A hot issue is whether and how current tax incentives may be retained if the proposed revision is passed into law. Legal advisers from WilmerHale’s Beijing office recommend that companies “obtain ‘grandfathering clause’ commitments” from authorities of the localities in which their businesses are based. This may not be easy, however.
The chief finance officer of a multinational company, who chose to remain anonymous, revealed in a local press report that the local tax administration had not been able to grant his company a “certificate” to guarantee current tax privileges. He said he was told that such certificates had never been issued before. Local authorities lack the mandate to make legal promises if the tax policy remains in limbo.
Others are prepared to take a tax hike in their stride. The USCBC’s Mr Poole says that some companies would welcome standardised taxes if there was more transparency in tax administration henceforth.
Most FIEs seem unconcerned about unified taxes. That does not mean that taxes do not matter. They do. The key is that taxes alone are unlikely to make or break investment decisions.
Foreign companies in China are there for the long haul. Standardised taxes may raise costs for FIEs. Yet, from the broader perspective, China continues to boast a fast-expanding market and abundant labour. Therefore, for China to maintain its leading position in FDI, without providing preferential taxes to foreign companies, it is imperative to improve basic conditions for business development.
In the USCBC’s 2006 Annual Survey, taxation was not on the list of the top 10 concerns facing its member companies, including prominent names such as Exxon Mobil, Hewlett-Packard and Microsoft. Top of the list in descending order were talent recruitment and training, administrative licensing and business approval, and intellectual property rights enforcement.
That the overriding business concern has nothing to do with state regulation but with the lack of (right) human capital is surprising. After all, the one resource that China boasts the most of is people. Last year, 34 million university graduates entered the job market. About one-third of college-aged adults in China receive higher education, an enviable statistic among developing economies.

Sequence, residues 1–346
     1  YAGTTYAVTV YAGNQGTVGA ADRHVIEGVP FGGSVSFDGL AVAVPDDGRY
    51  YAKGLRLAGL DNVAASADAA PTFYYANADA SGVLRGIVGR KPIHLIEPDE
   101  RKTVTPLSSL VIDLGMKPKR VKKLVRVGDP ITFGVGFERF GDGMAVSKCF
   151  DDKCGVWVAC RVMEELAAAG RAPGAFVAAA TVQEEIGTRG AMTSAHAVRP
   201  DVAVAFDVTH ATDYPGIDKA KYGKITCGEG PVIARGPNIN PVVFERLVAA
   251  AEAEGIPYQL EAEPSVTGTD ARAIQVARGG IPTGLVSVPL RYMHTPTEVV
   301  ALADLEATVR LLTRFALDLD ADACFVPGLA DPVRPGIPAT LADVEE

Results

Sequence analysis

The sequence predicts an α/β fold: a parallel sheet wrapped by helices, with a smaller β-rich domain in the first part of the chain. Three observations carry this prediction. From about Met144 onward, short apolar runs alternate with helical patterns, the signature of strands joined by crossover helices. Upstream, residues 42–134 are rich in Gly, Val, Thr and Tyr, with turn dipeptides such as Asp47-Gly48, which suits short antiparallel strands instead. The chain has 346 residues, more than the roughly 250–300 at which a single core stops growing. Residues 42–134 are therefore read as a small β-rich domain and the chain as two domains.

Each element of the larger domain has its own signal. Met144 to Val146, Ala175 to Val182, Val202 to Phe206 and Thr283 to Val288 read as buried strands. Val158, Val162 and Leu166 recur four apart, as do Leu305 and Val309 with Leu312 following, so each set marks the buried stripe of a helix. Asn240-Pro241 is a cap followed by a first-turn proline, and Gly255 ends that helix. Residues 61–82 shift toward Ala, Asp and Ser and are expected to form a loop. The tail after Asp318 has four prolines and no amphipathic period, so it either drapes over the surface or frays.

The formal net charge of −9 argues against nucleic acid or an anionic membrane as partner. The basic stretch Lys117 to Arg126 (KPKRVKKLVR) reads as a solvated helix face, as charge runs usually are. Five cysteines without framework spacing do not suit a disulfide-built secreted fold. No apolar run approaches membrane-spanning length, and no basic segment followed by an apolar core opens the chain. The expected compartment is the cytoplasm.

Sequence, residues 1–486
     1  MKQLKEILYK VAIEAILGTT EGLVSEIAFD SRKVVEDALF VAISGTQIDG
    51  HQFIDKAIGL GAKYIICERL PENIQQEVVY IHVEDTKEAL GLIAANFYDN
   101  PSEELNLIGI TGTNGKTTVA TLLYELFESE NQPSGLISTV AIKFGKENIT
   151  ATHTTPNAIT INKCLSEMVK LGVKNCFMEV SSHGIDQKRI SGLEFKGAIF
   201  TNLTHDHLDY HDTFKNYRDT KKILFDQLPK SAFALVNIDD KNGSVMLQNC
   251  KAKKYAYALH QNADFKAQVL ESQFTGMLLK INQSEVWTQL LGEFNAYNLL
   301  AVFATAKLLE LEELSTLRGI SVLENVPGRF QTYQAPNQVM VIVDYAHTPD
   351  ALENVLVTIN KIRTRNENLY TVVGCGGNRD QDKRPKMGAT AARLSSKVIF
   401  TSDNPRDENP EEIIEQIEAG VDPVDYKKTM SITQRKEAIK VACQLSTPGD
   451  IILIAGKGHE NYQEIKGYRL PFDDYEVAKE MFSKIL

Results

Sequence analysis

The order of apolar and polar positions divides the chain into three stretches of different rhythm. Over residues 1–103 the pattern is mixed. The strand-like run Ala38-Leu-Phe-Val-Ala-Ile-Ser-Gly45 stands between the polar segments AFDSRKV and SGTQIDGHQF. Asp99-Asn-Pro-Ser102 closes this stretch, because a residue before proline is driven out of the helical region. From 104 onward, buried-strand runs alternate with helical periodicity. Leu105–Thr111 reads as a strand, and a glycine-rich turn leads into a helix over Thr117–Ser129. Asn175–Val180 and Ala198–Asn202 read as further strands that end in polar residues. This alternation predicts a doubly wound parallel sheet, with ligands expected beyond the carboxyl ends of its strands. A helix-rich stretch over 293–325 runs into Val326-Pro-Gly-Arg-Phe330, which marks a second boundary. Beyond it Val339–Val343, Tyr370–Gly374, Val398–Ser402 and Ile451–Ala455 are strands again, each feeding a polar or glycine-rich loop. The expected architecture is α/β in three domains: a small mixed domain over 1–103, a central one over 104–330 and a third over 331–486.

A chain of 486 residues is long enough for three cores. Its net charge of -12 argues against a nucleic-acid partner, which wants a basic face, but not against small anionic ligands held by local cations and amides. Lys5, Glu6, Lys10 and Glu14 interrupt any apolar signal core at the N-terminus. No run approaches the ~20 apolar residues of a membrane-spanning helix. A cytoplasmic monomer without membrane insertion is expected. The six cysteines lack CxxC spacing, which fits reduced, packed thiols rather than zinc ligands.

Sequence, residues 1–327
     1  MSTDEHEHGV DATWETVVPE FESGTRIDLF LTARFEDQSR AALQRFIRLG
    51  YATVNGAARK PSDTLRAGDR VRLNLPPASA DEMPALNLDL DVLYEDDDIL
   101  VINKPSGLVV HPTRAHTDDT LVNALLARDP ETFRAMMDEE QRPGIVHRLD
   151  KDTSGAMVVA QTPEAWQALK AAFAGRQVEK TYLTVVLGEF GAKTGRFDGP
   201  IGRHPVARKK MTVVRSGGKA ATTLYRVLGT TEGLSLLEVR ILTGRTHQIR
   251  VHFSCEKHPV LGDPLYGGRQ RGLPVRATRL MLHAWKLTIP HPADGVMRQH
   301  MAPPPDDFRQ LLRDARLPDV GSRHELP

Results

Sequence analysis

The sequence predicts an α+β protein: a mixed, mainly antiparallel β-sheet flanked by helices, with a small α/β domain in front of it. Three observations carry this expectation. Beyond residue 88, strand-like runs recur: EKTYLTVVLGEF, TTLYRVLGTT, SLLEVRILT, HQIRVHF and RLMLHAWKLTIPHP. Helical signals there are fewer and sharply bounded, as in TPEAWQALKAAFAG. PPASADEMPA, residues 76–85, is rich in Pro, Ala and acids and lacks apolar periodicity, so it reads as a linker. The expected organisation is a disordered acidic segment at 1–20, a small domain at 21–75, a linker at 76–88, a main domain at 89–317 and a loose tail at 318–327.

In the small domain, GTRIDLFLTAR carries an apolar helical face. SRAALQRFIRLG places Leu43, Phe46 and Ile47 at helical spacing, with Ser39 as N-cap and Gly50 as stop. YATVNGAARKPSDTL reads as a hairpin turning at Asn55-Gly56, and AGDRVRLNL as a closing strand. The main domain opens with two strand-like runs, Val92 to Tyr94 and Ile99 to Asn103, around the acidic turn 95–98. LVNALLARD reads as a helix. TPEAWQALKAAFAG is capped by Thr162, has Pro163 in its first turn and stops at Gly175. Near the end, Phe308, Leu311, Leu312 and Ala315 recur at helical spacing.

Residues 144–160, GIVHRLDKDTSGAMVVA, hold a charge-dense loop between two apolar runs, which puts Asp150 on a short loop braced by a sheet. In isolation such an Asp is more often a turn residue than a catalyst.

A 2006 survey by Mercer Consulting of 114 companies in China echoes concerns about staff retention. Employees in the prime group of 25-35 years old left their jobs within one-to-two years in 2005, compared with three-to-four years in 2004. According to Guo Xin, managing director at Mercer Consulting in China, the greatest shortage of professionals is in the second-tier cities outside of Beijing and Shanghai, and in the sales and engineering sectors.
Yet, despite a hunger for talent among companies, job-hunters in China report an increasing hard time. Average wages for a fresh graduate stood at Rmb1550 ($199) in 2003, a steep fall from previous years. Anxious to calm disappointment, higher education authorities urged graduates to “drop their expectations”.
A mismatch of demand and supply explains the ironies of China’s labour market. It also portends the bottlenecks of advanced industralisation in what is still a transitional economy. Structural weaknesses such as human resource constraints pose a greater challenge for Chinese policymakers and foreign enterprises than getting past the politics of tax adjustment.
China’s FDI strategy is fast evolving. In earlier years, foreign companies were drawn to the country by tax breaks and cheap labour. From there, China became ‘the factory of the world’. But today it has bigger aspirations. Taxes are being renegotiated to restructure the incentives for investment.
First and foremost, China wants to move up the value chain and away from rudimentary production. The phasing out of export tax rebates is a case in point. Export rebates have been abolished or slashed for low-end and environmentally unfriendly products like timber and alloys; and raised for high-technology products.
China also wants foreign companies to help develop local industrial capacity. As part of the state’s plan to promote machinery manufacturing, FIEs will be granted tax refunds for the purchase of heavy equipment from Chinese companies from July last year.
However, whether China can attract FDI towards high-end manufacturing and services, and ultimately develop its own brand of manufacturing, goes beyond changing taxes. Supplying critical resources, including human capital and energy, and improving business certainty are the prerequisites. In this regard, the unification of enterprise taxes is just one step in what is a far more complex challenge of restrategising FDI.